Runnable() {} 

It is made up of two parts. 

  • the name Runnable 
  • An empty body () {\n\t\n} 

During performance profiling, we found CodeFormatUtil.format was costing a lot of time.  

To have a correct indentation and line delimiters, they are formatted with current preferences. Formatting is expensive, and the same content (empty body) was repeatedly formatted for all items (sometimes up to thousands). To improve it, we format the empty body once and reuse it among all items. 

Version 1.0.0 – Speed up the search performance of code completion. 

There are two changes to optimize index search performance.  

Our performance profiling shows that 97% of the CPU time of the index query jobs is spent on I/O for loading index content from disk. This is because the indexing mechanism we use tends to save memory and uses very little cache in the search engine. Almost every query must reload the index content from the disk. One straightforward optimization is to reduce the frequency of I/O. 

The Java indexer consists of multiple hashtables, each used to record a certain type of code sections, such as type declarations, method declarations, references, method references, etc. A typical query job reads one or more hashtables from the index and then joins these index entries into the target result. 

When we complete for the type/constructor name (e.g Strnew Str), the index query job reads two hashtables, one is the typeDecl table to find the matched type names, the other is the documentName table to find the class file path that declares the corresponding types. Since our purpose is just to complete the type name and auto insert its package import, the typeDecl table is sufficient for our requirement, and the class file path is not necessary. Our optimization is to read the typeDecl index table only, and it turns out reading one less index table can save a lot of I/O costs.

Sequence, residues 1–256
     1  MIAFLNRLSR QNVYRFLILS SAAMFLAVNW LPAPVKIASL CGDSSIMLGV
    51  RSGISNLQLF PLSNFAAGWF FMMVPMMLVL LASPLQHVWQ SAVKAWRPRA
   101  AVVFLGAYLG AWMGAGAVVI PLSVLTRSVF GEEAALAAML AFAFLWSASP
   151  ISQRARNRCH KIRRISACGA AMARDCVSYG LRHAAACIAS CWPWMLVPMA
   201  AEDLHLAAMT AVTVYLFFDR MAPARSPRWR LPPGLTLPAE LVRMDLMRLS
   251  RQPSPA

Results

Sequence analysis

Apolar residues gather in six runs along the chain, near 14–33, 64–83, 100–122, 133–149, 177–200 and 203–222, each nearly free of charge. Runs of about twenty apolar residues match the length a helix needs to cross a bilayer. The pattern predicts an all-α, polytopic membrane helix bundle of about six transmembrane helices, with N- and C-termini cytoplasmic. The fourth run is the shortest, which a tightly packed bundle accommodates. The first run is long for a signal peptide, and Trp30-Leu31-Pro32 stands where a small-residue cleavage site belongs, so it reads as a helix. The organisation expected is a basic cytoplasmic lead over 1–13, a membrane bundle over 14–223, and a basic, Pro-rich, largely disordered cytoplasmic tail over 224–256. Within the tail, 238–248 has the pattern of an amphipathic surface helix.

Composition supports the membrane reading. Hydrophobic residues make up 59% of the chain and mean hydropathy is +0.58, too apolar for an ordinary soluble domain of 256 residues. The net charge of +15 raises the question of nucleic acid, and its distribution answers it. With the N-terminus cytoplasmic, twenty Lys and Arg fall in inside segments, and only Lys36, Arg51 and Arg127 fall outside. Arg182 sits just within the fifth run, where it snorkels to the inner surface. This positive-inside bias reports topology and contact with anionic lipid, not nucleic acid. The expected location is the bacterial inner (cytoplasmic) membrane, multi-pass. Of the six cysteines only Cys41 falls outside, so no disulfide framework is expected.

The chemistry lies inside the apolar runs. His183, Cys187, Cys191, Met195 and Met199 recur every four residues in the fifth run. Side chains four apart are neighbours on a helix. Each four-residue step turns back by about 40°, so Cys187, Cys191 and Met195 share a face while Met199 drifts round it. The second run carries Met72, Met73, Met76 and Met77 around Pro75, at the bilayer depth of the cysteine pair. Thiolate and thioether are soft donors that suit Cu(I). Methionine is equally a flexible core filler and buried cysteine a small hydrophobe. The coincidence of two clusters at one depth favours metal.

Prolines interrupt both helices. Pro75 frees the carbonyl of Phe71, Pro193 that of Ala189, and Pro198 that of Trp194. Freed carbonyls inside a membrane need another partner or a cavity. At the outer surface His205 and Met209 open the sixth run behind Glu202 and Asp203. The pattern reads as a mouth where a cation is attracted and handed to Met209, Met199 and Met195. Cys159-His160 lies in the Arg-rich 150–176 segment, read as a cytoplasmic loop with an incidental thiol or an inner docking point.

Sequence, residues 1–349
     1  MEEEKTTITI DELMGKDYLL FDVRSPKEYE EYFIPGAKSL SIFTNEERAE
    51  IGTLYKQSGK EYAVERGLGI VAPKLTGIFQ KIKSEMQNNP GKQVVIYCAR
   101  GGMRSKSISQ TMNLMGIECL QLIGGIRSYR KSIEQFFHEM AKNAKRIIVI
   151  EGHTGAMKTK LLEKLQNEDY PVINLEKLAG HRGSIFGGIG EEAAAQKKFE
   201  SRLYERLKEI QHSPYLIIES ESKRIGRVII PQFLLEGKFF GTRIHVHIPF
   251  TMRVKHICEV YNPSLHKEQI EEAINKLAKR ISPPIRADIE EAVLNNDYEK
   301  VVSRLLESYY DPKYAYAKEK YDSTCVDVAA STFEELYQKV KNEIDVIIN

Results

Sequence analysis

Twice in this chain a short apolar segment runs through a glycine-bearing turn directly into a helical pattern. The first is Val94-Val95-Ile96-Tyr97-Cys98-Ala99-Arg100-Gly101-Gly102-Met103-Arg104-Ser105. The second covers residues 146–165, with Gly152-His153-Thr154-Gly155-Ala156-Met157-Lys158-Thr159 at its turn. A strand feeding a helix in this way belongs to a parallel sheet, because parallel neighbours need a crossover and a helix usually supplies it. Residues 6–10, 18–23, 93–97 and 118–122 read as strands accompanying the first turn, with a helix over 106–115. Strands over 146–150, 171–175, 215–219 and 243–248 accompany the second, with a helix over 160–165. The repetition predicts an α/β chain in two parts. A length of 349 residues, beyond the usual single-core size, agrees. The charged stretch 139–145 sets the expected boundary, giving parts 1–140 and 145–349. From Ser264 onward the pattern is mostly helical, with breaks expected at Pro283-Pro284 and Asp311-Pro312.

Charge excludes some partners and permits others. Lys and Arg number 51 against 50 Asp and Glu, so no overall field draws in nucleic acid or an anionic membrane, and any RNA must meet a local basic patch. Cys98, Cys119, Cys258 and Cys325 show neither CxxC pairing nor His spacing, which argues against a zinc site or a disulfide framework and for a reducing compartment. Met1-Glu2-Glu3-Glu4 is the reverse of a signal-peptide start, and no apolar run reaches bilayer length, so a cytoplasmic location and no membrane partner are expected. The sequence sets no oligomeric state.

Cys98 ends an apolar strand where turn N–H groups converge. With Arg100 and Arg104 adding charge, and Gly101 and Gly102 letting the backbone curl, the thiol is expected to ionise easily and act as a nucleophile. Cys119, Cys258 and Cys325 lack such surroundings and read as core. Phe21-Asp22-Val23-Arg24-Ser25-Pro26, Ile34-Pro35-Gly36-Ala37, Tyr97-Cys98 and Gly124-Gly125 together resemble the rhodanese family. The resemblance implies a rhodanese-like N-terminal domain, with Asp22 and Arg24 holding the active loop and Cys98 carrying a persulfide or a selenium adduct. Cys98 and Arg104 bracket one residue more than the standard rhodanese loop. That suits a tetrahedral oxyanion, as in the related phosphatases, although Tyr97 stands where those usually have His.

• Optimize the index reading. #574464 

It comes from a community developer’s contribution to the upstream JDT project. The Java index uses UTF-8 to encode the index characters. When loading the indexes, we will decode them back. Since most index characters are just ASCII characters, we optimized the decoding method to make it faster to read ASCII. 

Future Plans 

The improvements we listed above have made the auto completion a lot faster, but we are not done. In the future, performance continues to be our top focus and we will continue to optimize the auto-completion performance. Here are some items we have planned in the next few months.

  • Lazy Resolve TextEdit 

Since most language clients don’t support lazy resolve text edit for the completion items, the Java language server must calculate the text edits for all completion items in the completion response. This is the cause of most expensive calculations.  We’re collaborating with the client authors to explore the support for lazy resolving text edit. 

  • More Efficient Indexer 

Current index data is insufficient for some code completion scenarios such as constructor. For example, the constructor completion needs to know whether the class has generic type arguments and decide whether to add a diamond <> to the constructor reference. The constructor index table hasn’t included such type argument info, we have to resolve them from Java models, which is expensive. We’re considering optimizing the index schema to include more information. 

Feedback and Suggestions

Please don’t hesitate to try our product! Your feedback and suggestions are very important to us and will help shape our product in future. There are several ways to leave us feedback

  • Leave your comment on this blog post
  • Open an issue on our GitHub Issues page


Here is a list of links that are helpful to learn Java on Visual Studio Code.